When Will Autonomous Cars Be Available?
The technologies for self-driving vehicles are maturing fast. Indeed, cars that drive themselves are operating on the streets of a city near you today, albeit with a safety driver inside, ready and available to take over. As the technical difficulties are significant, some believe that it will be a long and winding road to get to full autonomy. However, while this is true, the challenges are well-known, and the reality is that these are being overcome as we speak.
Some automakers claim that they already have complete self-driving capabilities, but these are limited to what is considered Level 2 autonomy (there are six levels – from zero, meaning no automation, to Level 5, which is complete automation).
Level 2 means that the driver still needs to be very much involved in driving. The leap to Level 3, where it’s completely hands-off unless the system “requests intervention”, is substantial, so for reasons of legal liability and to avoid potential litigation issues, many of the manufacturers don’t currently feel comfortable claiming full autonomy. When it does roll out, Level 3 will be a feature that can only be enabled at low speeds, such as acting as a chauffeur in a traffic jam.
This uncertainty means that in the short-term, car OEMs (manufacturers) are likely to follow the robotaxi approach to garner public acceptance of the underlying technologies – that is by running vehicles at slower speeds on known geo-fenced routes.
Of course, this may mean that it’s easier to get lorries driving in convoy on motorways and other highways on the basis that they can “platoon” and keep in contact with other vehicles ahead of them on the road, particularly if they’re driving known, well-travelled routes between depots.
These known circumstances lessen risk by making it more predictable, with fewer chances of variations or cases occurring that would be unknown to the vehicle. Humans are very good at learning from their previous experience to adapt to changing circumstances – but that takes years of practice in the real world. However, training neural networks so that they aren’t surprised by different eventualities and potential road incidentsis much more difficult.
Humans are very good at learning from their previous experience to adapt to changing circumstances.
Neural networks also need to be trained only on good driving practices – training an autonomous driving model based on humans whose driving is less than ideal (for example, braking late and skipping red lights) will result in this behaviour being copied by the self-driving algorithm.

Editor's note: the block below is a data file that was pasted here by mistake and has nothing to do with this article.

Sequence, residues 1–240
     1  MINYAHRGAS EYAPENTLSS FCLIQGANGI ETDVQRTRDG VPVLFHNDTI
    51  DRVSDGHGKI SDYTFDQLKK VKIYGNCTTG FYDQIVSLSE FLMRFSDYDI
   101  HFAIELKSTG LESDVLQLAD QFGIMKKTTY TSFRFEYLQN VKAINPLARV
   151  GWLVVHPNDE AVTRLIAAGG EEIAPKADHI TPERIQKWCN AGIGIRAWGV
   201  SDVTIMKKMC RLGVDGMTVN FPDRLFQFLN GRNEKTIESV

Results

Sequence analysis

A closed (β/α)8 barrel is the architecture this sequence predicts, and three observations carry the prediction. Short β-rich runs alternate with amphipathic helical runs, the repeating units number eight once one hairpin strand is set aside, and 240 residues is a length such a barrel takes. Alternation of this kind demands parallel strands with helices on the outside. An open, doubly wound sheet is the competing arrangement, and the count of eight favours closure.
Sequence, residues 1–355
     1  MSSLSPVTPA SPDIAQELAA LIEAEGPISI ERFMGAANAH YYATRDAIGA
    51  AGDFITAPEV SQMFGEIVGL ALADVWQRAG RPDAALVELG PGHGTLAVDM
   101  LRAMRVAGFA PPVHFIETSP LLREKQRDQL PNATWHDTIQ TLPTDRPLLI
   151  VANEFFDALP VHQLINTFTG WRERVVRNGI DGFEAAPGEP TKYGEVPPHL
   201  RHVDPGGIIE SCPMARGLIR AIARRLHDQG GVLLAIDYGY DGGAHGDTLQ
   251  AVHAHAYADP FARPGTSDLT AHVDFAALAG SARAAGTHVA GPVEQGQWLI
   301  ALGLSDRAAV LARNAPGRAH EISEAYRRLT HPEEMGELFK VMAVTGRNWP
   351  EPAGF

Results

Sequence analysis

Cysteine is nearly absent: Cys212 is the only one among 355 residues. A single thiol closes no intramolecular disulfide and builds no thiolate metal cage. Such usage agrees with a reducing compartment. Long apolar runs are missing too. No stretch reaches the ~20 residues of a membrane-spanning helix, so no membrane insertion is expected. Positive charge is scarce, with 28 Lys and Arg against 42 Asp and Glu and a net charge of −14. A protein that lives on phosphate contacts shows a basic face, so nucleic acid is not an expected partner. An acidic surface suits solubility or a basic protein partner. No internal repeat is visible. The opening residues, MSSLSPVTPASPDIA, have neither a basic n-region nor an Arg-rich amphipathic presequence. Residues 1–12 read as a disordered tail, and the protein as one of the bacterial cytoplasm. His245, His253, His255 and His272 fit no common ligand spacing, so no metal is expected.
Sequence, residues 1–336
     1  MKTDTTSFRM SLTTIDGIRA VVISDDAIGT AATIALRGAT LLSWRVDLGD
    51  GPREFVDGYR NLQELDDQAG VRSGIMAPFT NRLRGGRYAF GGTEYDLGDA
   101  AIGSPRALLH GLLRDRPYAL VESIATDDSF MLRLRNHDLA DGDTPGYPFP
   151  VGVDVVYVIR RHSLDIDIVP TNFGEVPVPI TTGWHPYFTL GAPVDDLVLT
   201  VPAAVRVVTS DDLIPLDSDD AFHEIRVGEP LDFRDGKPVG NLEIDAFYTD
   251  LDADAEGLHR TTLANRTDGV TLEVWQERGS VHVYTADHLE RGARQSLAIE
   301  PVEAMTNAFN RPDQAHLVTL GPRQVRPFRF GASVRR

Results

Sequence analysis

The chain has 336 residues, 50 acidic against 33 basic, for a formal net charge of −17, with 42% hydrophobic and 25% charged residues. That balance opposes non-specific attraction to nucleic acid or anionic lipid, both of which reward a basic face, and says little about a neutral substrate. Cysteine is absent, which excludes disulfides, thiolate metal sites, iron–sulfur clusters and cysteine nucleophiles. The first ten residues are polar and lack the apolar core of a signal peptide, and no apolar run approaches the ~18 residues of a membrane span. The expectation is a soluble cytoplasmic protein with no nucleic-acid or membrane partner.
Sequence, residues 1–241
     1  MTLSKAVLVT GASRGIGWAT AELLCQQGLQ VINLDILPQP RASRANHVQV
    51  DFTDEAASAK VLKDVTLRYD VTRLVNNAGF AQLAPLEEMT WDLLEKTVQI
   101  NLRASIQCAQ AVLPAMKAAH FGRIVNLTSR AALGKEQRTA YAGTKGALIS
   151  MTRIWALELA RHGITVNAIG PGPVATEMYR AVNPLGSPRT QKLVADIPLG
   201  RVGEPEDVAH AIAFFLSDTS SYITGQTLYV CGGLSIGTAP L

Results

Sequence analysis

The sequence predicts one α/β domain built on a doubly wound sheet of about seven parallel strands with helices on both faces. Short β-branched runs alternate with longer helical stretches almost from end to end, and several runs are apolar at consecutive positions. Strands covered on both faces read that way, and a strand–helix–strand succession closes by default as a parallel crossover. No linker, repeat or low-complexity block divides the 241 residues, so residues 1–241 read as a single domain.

Car manufactures will need to ensure they only learn from excellent drivers and follow ISO 26262 functional safety.
Take a look around you – and adapt
A self-driving car with multiple cameras and a 360-degree view around the vehicle can allow the autonomous vehicle to adapt to road users such as cyclists. It can see into the “human blind spots,” to give itself more room to navigate safely around the cyclist, whereas a human driver may not even have seen them. Safety then is of paramount importance on the road to production-ready autonomous vehicles.
Although the technologies exist today there are some concerns about unusual circumstances that the vehicle may not previously have encountered. A good example of an unusual circumstance that stumped early autonomous driving was in San Francisco, where mist or fog, and also steam rising from street vents, would confuse the algorithms, forcing the car to stop.
However, the capabilities of artificial intelligence are continuing to improve, thanks to extensive training in simulations and the thousands of hours of real-life driving experience that partially autonomous cars are gaining on the road. These sensor-enabled cars are absorbing vast amounts of data to continually train algorithms, thus enabling them to become more adaptable to these circumstances.
So while it’s not possible to put an exact date on the tech being ready, the date for autonomous cars becoming a reality remains tantalisingly close.